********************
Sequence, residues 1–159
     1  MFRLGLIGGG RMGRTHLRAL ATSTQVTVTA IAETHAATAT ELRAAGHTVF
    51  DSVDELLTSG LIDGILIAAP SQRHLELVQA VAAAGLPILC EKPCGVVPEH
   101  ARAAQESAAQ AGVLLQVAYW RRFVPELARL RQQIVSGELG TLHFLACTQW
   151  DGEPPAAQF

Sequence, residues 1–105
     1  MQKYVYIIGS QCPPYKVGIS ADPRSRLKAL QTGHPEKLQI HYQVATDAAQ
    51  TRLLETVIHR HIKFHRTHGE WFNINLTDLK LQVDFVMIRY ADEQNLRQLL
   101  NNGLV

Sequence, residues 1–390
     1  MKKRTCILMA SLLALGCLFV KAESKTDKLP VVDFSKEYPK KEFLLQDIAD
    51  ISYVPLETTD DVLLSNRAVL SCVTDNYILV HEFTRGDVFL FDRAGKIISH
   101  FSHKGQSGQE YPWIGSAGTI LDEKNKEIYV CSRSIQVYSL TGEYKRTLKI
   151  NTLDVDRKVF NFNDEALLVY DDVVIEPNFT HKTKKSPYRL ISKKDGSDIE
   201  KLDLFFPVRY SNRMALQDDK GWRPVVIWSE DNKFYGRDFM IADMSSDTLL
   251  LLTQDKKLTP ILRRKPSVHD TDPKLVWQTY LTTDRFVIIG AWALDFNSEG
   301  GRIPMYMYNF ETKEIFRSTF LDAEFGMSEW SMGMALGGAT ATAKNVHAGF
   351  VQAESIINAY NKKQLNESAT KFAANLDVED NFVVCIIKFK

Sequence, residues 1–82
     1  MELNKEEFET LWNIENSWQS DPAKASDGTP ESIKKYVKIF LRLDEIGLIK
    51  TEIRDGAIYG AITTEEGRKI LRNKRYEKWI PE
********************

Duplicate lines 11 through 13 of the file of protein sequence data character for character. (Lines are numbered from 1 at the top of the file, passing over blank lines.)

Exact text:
     1  MKKRTCILMA SLLALGCLFV KAESKTDKLP VVDFSKEYPK KEFLLQDIAD
    51  ISYVPLETTD DVLLSNRAVL SCVTDNYILV HEFTRGDVFL FDRAGKIISH
   101  FSHKGQSGQE YPWIGSAGTI LDEKNKEIYV CSRSIQVYSL TGEYKRTLKI